Yes, you want to pay for them. A professional consultant’s fee for the time to help you understand your project is minuscule compared to the amount of money you could lose if you make a colossal mistake or don’t plan for something the professional would have seen coming. 

Number one budget tip: Set aside a contingency fund. A good rule of thumb is 10% over your overall budget, but the more you can put into it, the better!

Finance The House Flip

Financing your flip with cash can go a long way to mitigate the risk of the project. You won’t incur any interest fees, you won’t need to rush to sell the house by accepting a lowball offer, and you won’t be dealing with the headache of debt if things don’t go as planned. Realistically though, not everyone has a pile of cash lying around. We didn’t have a pile of cash when we got started!

Right now, at the time I’m writing this post, money is easy to get. The housing market is strong. So, if you have a great deal —meaning there is a house you can acquire and all of your numbers shake out— then finding the funds to help you flip it shouldn’t be too difficult, especially once you have a few success stories under your belt! So, take this time to write down the names of people who know, like, and trust you who might also have some money to invest! If you can get them a 7-11% return on their investment in 4-6 months, that’s a win-win for your private money investor (that’s what you would call your friend who has cash! —Fancy, right?!)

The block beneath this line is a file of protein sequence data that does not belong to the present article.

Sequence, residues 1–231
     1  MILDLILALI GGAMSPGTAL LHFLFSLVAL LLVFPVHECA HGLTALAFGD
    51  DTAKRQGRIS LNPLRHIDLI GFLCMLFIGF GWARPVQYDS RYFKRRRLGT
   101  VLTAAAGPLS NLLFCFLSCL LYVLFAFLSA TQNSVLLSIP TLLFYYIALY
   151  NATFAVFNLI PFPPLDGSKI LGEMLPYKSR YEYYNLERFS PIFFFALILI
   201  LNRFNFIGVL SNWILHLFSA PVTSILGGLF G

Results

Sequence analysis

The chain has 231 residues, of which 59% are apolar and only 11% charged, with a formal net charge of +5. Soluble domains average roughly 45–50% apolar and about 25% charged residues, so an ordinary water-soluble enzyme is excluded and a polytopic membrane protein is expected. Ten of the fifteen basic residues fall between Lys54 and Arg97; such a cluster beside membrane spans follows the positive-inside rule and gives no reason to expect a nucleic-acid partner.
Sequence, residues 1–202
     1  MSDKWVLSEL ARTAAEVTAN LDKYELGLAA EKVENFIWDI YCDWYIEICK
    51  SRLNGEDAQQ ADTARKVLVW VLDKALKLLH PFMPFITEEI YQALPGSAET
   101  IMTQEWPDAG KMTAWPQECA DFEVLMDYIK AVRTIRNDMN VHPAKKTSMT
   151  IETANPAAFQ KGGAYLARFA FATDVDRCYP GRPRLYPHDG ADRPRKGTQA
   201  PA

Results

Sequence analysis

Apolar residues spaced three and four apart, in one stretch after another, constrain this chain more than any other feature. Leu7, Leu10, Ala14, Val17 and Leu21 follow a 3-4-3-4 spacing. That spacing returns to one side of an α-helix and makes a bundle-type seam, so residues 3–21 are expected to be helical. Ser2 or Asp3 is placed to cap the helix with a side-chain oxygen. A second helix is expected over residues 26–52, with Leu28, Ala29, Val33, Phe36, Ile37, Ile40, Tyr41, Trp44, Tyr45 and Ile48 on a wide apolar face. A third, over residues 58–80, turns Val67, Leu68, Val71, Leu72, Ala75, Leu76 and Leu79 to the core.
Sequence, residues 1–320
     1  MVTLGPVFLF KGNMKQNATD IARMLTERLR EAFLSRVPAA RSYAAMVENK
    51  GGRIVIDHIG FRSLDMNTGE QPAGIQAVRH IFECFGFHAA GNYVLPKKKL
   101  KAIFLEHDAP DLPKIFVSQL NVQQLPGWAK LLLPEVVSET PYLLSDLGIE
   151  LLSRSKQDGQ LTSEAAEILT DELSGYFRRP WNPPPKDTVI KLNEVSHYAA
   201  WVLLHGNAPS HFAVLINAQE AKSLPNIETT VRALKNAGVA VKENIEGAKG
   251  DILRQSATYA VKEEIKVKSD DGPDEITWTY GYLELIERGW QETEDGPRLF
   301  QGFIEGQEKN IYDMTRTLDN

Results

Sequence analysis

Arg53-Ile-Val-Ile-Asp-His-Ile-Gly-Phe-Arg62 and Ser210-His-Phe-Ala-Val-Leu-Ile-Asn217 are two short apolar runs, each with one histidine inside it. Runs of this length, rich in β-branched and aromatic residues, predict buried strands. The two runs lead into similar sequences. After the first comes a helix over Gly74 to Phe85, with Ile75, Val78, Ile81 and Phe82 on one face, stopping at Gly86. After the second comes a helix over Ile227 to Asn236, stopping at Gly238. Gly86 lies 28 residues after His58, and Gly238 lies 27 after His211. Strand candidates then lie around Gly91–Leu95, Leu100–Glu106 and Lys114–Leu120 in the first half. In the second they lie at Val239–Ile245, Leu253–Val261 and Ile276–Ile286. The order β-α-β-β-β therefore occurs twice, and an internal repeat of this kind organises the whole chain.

You can also consider obtaining a loan or partnering with another company to make it happen. We got started with Hard Money. Hard Money is a loan secured by real property and backed by individuals or private companies, not banks. Hard Money is expensive and usually covers about 80% of your project. Honestly, most loans won’t cover 100% of your project, so be prepared to bring some money to the table. We’ve used Fund That Flip to help us with several of our projects in Columbus, Ohio. While it’s expensive, these loans have helped us get the project done! And because we factored the cost of a Hard Money loan into our overall budget, it made sense for us and those projects. 

Nick and Sarah in the middle of renovations

Related: Why You Should Have an Open House Mid-Flip

Understand The Market

Knowing the market is all about doing your research and asking questions. It’s critical to understand the market for a few reasons:

  • You’ll know whether or not you’re getting a good deal on the house. If the sale price is too high, you won’t turn a profit after making renovations. 
  • You’ll know how to visualize the property’s potential. If your vision for the upgrade doesn’t match the neighborhood’s character, you’ll have a hard time reselling the flip.